While you might think you know what is against the law and what isn’t, there are some laws that still exist from years ago that you might not be aware of.

Here’s a roundup of some of the interesting UK laws that exist. Have you broken any?

UK laws you might not know about

Shaking a rug in the street

How many of these weird UK laws have you broken? (Canva)A rug (Canva)

While you might think getting up early to give your house a clean is a good way to get the household chore out of the way is a good idea, you might need to reconsider your actions.

It’s illegal to shake rugs, carpets and even mats before 8am under section 60 of the Metropolitan Police Act 1839 with the exception of door mats.

To be drunk in a pub or licensed premises

How many of these weird UK laws have you broken? (Canva)Alcoholic drinks in glasses (Canva)

Drinking alcohol in a pub is a popular activity in the UK but becoming drunk in one is against the law.

The Licensing Act of 1872 (section 12) states that if someone is found drunk in a public place they “shall be liable to a penalty not exceeding”.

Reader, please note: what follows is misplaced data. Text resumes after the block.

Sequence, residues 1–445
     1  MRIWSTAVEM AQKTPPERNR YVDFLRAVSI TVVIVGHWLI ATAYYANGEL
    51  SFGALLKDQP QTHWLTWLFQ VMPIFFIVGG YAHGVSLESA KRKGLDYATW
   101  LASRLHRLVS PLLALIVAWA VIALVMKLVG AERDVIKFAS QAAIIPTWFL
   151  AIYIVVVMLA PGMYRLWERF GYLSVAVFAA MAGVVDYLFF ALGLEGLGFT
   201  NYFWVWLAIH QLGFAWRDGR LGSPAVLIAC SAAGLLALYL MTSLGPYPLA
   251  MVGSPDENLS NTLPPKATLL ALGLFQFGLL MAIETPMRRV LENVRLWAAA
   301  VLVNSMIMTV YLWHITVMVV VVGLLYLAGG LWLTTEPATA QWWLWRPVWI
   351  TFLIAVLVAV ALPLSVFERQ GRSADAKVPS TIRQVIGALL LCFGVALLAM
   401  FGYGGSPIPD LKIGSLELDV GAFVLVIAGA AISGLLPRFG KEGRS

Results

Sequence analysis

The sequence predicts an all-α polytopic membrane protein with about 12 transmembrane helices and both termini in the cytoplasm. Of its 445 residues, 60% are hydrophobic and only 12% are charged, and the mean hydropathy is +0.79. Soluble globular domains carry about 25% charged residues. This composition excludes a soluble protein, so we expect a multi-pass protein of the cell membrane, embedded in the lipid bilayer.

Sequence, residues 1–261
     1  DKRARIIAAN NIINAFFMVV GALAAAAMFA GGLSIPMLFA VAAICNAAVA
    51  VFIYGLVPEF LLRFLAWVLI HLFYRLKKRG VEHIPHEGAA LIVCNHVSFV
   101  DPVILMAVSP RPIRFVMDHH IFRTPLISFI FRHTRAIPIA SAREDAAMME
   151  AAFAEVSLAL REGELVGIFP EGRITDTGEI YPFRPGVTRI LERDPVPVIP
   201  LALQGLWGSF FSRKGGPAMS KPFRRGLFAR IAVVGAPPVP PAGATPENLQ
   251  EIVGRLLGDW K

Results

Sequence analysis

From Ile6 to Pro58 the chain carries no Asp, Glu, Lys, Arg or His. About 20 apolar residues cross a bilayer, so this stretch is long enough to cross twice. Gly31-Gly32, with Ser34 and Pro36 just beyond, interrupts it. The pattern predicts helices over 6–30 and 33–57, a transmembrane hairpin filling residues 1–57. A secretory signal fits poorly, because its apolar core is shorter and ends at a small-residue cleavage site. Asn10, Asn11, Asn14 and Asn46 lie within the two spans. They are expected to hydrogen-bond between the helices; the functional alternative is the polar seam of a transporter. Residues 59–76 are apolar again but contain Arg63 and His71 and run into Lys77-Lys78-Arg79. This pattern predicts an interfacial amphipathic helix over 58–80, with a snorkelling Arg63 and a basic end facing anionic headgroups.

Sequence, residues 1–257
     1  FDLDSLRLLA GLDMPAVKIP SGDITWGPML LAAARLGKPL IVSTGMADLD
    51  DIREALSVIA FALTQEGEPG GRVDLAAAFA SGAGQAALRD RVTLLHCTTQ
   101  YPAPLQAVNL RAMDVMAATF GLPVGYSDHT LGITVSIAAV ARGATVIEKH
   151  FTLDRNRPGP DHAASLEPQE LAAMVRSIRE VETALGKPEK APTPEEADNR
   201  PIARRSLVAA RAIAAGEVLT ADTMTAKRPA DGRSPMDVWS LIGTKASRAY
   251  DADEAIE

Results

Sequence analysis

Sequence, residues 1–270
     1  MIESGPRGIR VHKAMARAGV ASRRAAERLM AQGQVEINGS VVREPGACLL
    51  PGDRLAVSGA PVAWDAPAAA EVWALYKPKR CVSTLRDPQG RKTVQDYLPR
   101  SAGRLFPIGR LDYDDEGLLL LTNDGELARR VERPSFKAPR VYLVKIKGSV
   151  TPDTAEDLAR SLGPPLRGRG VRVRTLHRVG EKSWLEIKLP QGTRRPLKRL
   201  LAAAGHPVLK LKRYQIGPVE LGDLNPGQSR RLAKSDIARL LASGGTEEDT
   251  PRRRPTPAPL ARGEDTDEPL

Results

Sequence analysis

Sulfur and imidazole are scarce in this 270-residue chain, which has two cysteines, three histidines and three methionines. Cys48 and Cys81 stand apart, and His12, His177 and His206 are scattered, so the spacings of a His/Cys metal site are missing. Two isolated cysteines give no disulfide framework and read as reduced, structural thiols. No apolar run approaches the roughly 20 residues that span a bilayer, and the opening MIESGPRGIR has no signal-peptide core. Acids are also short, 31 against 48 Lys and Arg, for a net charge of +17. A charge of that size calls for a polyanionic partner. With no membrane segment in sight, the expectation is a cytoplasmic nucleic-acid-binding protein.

Flying a kite

How many of these weird UK laws have you broken? (Canva)A kite in the air (Canva)

If you spend your summer days outside with the family, you could be breaking the law without realising it.

Flying a kite might seem like an innocent activity but it’s actually illegal in a public place.

Section 54 of the Metropolitan Police Act 1839 prevents danger as well as “annoyance of the inhabitants or passengers”.

Knock on the door and run away

How many of these weird UK laws have you broken? (Canva)A door (Canva)

The game where you knock on someone’s door and run away shouldn’t actually be played.

The Metropolitan Police Act 1839 says “every person who shall wilfully and wantonly disturb any inhabitant by pulling or ringing any door-bell or knocking at any door without lawful excuse, or who shall wilfully and unlawfully extinguish the light of any lamp” is breaking the law.

Handling fish suspiciously

How many of these weird UK laws have you broken? (Canva)Brown trout (Canva)

Who knew handling a fish could mean you’re breaking the law?

Holding a fish in “suspicious circumstances”, is an illegal activity according to section 32 of the Salmon Act 1986.